Government Shuts Down as Senate Fails to Reach a Deal

Senate Democrats blocked the stopgap bill to keep the government open
January 19, 2018 Updated: January 22, 2018

WASHINGTON—Hours before the deadline, Senate Democrats blocked the passage of a short-term funding bill, leading to a government shutdown.

President Donald Trump and the Senate’s top Democrat leader on Friday failed to reach an agreement on the spending bill. As a last-ditch effort to keep the government open, the Senate scheduled a vote for 10 p.m. on the House-passed bill to extend funding for four weeks. However, Democrats blocked passage of a funding patch known as a continuing resolution (CR) that would maintain current funding for federal operations and keep the government open through mid-February.

As nearly all Democrats and some Republicans opposed the measure, the government shut down at midnight.

“Not looking good for our great Military or Safety & Security on the very dangerous Southern Border,” Trump wrote on Twitter before the Senate vote. “Dems want a Shutdown in order to help diminish the great success of the Tax Cuts, and what they are doing for our booming economy.”

The House of Representatives passed a short-term funding bill late Thursday on a mostly party-line vote of 230-197. The bill also covered six-year funding of the Children’s Health Insurance Program (CHIP).

The stopgap bill was sent to the Senate, where it faced stiff opposition from Democrats. The Senate needed 60 votes to pass the measure.

“The reality is that this is not about policy, it’s about politics,” White House Director of Legislative Affairs Marc Short said at an emergency press conference on Friday.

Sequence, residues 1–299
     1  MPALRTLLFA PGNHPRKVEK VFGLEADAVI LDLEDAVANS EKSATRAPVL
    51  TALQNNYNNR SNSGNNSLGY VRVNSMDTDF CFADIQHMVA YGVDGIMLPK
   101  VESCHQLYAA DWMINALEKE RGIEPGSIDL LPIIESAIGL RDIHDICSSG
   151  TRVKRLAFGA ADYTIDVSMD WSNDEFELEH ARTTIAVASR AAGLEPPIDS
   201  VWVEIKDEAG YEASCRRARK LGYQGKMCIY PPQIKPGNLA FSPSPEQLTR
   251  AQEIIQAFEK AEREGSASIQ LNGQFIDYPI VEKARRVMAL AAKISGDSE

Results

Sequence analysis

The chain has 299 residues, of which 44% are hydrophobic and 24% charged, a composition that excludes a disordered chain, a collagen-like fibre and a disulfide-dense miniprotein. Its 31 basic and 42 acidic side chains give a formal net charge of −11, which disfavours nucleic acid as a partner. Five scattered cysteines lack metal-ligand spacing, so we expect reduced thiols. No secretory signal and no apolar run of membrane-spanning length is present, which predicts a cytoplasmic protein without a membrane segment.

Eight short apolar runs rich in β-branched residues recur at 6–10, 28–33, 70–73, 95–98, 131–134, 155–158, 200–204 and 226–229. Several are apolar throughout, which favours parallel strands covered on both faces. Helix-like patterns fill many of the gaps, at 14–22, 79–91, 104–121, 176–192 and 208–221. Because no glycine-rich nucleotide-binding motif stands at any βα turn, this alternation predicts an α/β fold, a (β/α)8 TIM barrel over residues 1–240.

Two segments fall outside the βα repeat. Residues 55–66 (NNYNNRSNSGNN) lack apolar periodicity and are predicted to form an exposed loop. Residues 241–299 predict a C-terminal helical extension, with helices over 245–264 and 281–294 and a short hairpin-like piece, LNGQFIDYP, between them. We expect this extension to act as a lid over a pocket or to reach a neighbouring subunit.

“We’re not familiar with anything in this CR that Democrats are opposing,” he said.

Trump on Friday morning canceled his planned weekend trip to Mar-a-Lago to reach a deal with Senate Democrats. He had been scheduled to leave on Friday afternoon.

Both parties failed to reach an agreement on a broad budget for the last few months, and three stopgap measures have been passed so far. Lawmakers are struggling to reach a deal on immigration and spending levels.

As a precondition for supporting a budget deal, Democrats have pushed for a legislative solution for Deferred Action for Childhood Arrivals (DACA) recipients. And DACA is the major sticking point in the negotiations, according to Mick Mulvaney, Director of the Office of Management and Budget.

“There’s no DACA bill to vote on and there’s no emergency in terms of the timing on DACA,” said Mulvaney during the press conference at the White House. “DACA does not expire until March 5th.  So there’s absolutely no reason to tie these two things together right now,” he said.

DACA was introduced through an executive order by President Barack Obama in 2012 as a temporary measure that gave recipients renewable, two-year work authorization and deportation immunity. It involved nearly 800,000 individuals—referred to as Dreamers—who were illegally brought into the country as children.

In preparation for a potential government shutdown, Mulvaney sent out a memo to the heads of federal departments and agencies Friday afternoon. He advised them to review their plans for operations in the absence of appropriations in the event that a shutdown begins at midnight.

Follow Emel on Twitter: @mlakan